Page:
Cooking Fat and Oil Chart
Omega-3 oils are "linolenic" and should be served cold. Heating these oils would destroy the omega-3 component.
Omega-6 oils are "linoleic" and can be heated up to 212F (the boiling point of water).
Omega-9 oils are "monounsaturated" and can be heated to 325F without damaging their health properties.
Saturated Fats can take high heat levels without damage. They are not exactly "healthy", but they do not form trans fatty acids at high heats.
Whether you're baking, deep frying or doing any other form of cooking, be sure to check this chart and use an oil appropriate to that temperature range. If you heat an oil past its smoke-point, it damages the flavor, loses the health benefits and turns the oils into trans fatty acids, which are dangerous.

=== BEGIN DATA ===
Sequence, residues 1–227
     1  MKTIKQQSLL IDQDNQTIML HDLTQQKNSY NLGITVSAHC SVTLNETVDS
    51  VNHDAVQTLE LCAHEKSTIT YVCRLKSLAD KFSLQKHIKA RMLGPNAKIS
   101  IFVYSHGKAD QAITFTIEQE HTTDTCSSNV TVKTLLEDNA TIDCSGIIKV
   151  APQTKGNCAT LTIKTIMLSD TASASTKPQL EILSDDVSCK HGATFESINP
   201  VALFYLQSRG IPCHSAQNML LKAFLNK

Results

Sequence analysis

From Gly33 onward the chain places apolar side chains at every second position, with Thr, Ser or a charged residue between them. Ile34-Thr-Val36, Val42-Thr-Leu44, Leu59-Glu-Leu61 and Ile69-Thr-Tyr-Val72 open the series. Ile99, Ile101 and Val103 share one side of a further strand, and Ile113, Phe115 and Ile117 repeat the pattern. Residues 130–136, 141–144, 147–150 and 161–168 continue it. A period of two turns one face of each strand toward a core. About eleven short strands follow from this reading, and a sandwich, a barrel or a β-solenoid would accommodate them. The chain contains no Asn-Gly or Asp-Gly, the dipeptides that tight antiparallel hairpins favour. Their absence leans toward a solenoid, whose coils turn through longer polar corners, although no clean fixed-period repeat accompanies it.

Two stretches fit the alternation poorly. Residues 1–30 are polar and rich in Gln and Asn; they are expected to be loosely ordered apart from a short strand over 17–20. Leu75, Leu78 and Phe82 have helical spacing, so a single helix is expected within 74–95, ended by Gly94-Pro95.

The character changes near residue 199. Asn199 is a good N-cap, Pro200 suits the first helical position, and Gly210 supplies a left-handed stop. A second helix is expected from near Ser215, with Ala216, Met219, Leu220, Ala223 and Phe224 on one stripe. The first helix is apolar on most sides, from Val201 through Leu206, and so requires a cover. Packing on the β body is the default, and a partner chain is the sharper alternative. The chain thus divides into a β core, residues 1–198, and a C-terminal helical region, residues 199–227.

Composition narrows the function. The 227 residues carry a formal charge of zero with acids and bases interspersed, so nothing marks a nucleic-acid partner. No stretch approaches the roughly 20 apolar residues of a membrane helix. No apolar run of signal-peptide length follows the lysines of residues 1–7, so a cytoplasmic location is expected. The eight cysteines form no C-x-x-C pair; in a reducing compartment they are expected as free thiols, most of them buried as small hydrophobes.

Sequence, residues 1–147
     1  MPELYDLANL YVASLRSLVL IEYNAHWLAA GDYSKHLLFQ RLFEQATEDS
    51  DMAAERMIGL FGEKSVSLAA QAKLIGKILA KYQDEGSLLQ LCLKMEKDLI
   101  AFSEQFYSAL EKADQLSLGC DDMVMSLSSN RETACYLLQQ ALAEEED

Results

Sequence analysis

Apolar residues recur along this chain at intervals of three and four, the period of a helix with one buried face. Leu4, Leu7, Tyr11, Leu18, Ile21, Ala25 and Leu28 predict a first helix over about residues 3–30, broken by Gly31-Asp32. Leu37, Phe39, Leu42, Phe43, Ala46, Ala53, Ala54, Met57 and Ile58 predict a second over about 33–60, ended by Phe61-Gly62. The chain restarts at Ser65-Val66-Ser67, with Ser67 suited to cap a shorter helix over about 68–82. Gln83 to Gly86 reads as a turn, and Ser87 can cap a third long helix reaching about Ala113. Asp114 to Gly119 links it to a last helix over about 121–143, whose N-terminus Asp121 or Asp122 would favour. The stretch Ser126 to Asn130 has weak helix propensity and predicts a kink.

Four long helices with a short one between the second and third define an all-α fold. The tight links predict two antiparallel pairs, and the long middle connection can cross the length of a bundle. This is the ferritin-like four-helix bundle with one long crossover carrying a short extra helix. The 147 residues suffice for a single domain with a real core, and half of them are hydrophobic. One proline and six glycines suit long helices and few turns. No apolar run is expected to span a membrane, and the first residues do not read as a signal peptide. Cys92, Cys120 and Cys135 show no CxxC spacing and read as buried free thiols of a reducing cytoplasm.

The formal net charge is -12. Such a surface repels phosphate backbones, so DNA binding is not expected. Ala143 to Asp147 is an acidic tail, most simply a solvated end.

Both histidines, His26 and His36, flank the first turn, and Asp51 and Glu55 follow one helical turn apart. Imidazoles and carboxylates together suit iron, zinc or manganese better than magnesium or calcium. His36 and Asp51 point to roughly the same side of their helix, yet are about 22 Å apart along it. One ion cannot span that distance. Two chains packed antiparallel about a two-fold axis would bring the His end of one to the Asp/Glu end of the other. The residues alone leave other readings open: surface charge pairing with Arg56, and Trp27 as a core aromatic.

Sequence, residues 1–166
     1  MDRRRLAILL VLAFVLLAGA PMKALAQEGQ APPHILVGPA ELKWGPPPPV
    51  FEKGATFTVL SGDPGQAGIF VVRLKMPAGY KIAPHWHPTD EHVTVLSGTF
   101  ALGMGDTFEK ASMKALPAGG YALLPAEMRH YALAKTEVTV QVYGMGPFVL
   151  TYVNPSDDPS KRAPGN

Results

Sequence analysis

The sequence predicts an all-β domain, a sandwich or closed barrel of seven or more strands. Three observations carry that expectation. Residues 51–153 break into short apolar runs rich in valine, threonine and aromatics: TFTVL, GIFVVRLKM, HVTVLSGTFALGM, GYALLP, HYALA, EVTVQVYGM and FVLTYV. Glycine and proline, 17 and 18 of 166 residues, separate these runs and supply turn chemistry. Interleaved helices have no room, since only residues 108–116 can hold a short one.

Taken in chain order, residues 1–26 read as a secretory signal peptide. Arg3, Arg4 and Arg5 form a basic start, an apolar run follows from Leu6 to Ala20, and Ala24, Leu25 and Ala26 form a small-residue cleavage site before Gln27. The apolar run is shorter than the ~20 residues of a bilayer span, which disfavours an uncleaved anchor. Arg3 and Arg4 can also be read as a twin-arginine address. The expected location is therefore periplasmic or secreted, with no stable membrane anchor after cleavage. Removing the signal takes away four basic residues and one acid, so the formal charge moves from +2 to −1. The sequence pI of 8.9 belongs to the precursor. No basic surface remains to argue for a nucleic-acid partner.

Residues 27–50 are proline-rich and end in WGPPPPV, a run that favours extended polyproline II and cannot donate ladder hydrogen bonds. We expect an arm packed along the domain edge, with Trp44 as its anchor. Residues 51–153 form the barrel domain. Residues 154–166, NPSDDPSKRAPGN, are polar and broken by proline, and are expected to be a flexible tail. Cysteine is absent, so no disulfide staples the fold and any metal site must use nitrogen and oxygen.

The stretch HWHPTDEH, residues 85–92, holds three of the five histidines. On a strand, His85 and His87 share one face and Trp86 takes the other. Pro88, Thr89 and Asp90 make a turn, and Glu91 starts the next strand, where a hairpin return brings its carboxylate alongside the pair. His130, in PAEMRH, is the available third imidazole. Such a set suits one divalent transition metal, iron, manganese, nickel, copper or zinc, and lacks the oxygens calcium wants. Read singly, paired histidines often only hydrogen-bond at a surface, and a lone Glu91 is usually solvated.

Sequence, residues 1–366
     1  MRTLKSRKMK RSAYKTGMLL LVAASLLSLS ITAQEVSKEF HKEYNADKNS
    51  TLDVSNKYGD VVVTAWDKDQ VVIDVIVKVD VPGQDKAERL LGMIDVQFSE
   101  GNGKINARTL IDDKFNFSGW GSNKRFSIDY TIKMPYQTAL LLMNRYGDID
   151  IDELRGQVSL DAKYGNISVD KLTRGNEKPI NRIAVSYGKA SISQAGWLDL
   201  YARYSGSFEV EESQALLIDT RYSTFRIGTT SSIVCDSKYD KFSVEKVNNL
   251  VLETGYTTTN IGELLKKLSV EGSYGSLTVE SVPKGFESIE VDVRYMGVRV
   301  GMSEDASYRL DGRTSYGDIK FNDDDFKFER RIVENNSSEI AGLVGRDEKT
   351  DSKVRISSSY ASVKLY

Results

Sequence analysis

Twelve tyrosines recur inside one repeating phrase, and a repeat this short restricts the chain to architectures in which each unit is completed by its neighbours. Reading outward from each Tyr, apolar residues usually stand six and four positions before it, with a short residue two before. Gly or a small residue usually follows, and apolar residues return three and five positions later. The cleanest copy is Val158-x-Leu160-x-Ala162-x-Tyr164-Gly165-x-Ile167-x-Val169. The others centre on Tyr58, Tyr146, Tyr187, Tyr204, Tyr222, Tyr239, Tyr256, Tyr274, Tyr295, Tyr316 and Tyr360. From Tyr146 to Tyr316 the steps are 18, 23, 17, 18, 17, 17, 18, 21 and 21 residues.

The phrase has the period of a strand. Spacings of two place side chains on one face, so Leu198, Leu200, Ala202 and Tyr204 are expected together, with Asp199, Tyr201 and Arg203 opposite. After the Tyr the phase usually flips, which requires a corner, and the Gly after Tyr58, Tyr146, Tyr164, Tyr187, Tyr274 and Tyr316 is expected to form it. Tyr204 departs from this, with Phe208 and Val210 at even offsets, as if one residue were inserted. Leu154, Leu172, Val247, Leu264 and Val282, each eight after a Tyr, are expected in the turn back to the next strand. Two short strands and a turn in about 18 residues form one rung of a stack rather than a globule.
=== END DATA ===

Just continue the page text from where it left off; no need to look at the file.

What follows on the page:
Four oils which CAN be served hot without great risk of trans fatty acids forming are canola, grapeseed, sunflower and peanut oils. These will lose their health benefits, but will not become unhealthy.
Stay far away from any oil that is processed and already has trans-fatty-acids, which are extremely unhealthy. Oil you buy should have been made "cold pressed". Also avoid Hydrogenated oils - margarine and vegetable shortening are two forms of these.
Oils should be stored in dark locations and should be stored in light blocking containers. If you are buying heat-processed oils in clear containers, you are doing your body more harm than good! Once opened, oils should be stored in the refrigerator until used. The exception to this is olive oil, which can survive opened in cool temperatures. Most oils should be used within a year.
Cooking Oil Type and Use Chart
Good Fats, Bad Fats and Ugly Fats
Polyunsaturated and Monounsaturated Good Fats
Good Fats are REALLY Good
Omega-3 Fats, Fish Oil, DHA and EPA
Olives and Olive Oil
Avoid Soybean Oil
McDonalds and Partially Hydrogenated Oils
Trans Fats, Deep Frying and Atkins
Healing the Damage of Trans Fatty Acids
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